Mirror of Justice

A blog dedicated to the development of Catholic legal theory.
Affiliated with the Program on Church, State & Society at Notre Dame Law School.

Thursday, September 27, 2007

Catholic Higher Education’s Future

I largely agree with Patrick’s sentiments in his posting earlier today about the future of Catholic higher education, which, of course, would include legal education. I also share some sympathy with his statement about the Catholic academy being inclusive. After all, our Lord reminded us that it is not the healthy who need the physician.

While the Miscamble, Steinfels, and McGreevy essays offer differing views about particulars and emphases, they appear to agree on the matter regarding mission-fit for hiring. One does not have to be a Catholic to endorse, support, and contribute to the Catholic intellectual tradition where faith and reason and the integration of knowledge that leads to wisdom. But, that is a crucial point essential to the success of Catholic higher education. When there is a proliferation of faculty members who do not subscribe to these elements essential to Catholic education, serious problems begin to emerge. Rick’s posting earlier today about the recent development at Georgetown University Law Center demonstrates this. As the article in The Hoya illustrates, there are, according to the correspondent, faculty who are behind the reversal that will open the door for supporting pro-abortion advocacy (and, I suspect, eventually other things incompatible with Catholic teachings). If you recall, when Georgetown University was involved in litigation regarding its Catholic identity and matters dealing with sexual orientation issues in the mid-1980s, several Georgetown Law faculty were prominently posed against the University in this lawsuit.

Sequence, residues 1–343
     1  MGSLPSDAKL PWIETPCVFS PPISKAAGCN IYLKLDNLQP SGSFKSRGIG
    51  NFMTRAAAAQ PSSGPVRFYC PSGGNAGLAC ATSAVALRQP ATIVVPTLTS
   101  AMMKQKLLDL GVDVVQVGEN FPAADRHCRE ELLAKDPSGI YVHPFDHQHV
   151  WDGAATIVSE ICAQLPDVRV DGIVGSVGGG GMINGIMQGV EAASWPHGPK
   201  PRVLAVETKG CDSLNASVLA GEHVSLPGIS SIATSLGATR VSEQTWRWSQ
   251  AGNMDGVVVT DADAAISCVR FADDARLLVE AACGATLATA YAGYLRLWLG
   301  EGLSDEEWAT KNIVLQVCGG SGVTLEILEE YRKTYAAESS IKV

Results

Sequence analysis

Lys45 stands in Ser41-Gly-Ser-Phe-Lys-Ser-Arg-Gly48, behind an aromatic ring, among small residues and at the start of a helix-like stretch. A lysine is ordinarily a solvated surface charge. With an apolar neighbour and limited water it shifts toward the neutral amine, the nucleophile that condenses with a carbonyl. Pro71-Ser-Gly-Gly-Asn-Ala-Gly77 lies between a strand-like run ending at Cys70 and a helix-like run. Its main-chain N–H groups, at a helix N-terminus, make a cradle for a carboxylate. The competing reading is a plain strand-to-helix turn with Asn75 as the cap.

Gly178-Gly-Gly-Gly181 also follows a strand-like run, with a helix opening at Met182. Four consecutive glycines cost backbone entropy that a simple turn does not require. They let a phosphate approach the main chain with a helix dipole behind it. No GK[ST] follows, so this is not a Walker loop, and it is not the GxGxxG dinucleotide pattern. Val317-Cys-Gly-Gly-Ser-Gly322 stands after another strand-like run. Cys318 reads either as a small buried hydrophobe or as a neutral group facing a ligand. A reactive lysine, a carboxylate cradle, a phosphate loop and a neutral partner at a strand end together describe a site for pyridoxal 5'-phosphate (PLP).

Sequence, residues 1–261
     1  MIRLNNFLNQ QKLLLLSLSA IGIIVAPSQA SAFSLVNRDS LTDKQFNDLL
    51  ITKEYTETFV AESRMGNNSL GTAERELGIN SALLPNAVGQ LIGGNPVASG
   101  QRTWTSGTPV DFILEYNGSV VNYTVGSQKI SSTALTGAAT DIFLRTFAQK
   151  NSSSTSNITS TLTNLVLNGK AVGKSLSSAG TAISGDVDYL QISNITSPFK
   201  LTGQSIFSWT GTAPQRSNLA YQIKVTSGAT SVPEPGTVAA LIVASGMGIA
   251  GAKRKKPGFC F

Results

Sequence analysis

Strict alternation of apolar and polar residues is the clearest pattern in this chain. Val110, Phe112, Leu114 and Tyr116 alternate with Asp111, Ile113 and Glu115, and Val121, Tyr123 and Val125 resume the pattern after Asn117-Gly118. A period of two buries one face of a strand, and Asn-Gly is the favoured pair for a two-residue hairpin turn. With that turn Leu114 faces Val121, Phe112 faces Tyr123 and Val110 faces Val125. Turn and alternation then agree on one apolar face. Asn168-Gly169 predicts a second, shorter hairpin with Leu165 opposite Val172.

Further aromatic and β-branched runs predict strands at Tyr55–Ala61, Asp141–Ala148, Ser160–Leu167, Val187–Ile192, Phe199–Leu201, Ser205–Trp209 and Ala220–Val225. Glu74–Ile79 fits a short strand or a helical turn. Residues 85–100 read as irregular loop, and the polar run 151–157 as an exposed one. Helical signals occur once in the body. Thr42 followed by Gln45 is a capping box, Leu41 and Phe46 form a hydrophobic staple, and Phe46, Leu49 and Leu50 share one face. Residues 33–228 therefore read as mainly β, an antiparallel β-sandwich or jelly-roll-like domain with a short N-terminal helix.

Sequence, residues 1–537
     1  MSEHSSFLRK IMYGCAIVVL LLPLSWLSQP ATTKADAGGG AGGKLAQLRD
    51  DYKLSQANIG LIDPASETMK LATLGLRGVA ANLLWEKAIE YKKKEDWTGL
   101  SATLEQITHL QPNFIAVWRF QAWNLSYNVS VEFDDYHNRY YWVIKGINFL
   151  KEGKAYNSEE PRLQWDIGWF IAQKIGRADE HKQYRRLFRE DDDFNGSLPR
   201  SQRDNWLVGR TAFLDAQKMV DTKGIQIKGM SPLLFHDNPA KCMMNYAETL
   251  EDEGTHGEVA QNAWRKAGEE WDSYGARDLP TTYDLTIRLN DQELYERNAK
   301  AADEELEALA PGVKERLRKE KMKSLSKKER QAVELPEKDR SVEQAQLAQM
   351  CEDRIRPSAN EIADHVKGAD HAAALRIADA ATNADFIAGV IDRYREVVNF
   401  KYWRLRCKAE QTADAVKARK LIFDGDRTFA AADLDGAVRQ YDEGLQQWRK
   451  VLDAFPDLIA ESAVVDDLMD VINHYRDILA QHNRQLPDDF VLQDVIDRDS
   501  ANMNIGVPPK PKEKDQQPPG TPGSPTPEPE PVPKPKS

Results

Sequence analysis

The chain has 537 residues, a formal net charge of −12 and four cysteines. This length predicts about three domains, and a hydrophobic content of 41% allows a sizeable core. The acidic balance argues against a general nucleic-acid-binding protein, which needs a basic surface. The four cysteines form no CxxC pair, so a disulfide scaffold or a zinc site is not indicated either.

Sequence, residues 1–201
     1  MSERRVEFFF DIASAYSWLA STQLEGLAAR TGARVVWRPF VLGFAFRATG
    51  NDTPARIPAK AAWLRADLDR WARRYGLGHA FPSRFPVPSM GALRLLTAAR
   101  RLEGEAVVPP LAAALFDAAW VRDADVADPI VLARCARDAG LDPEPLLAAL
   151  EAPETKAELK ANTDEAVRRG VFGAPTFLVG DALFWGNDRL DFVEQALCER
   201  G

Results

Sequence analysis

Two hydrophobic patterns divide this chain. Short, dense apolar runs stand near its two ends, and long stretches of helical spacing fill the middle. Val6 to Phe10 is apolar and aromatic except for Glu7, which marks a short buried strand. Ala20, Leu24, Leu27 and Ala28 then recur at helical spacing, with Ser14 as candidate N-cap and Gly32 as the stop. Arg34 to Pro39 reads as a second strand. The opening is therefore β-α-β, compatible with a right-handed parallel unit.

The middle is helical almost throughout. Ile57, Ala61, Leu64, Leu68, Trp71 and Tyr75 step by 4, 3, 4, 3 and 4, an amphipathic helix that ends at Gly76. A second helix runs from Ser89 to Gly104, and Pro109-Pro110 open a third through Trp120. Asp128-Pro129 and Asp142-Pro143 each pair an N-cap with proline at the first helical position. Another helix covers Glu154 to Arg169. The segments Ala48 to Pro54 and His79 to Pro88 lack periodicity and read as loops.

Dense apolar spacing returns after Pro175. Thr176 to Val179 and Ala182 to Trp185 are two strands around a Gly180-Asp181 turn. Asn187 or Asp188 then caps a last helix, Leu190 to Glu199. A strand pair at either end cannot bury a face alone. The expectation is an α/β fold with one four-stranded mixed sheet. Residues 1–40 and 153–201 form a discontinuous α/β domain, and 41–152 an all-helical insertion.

Another matter to keep in mind is that, today, the academy often prizes research and the development of theories that are not compatible with or sympathetic to the integration of knowledge. Narrow specialization is favored. Pope Benedict has spoken of this fragmentation of knowledge in the past and the need to counter it with integration of learning, a traditional goal of Catholic higher education. Those faculty members who are not sympathetic to the Pope’s view are often advocates for the specialization that leads to the fragmentation of learning. There is little doubt that folks in favor of increased specialization can be clever about the particulars of certain subjects, but can it be said that they are also wise? While firing-for-mission could be problematic, hiring-for-mission should not. Moreover, it is necessary and essential for the survival and the flourishing of Catholic higher education. RJA sj


Araujo, Robert | Permalink

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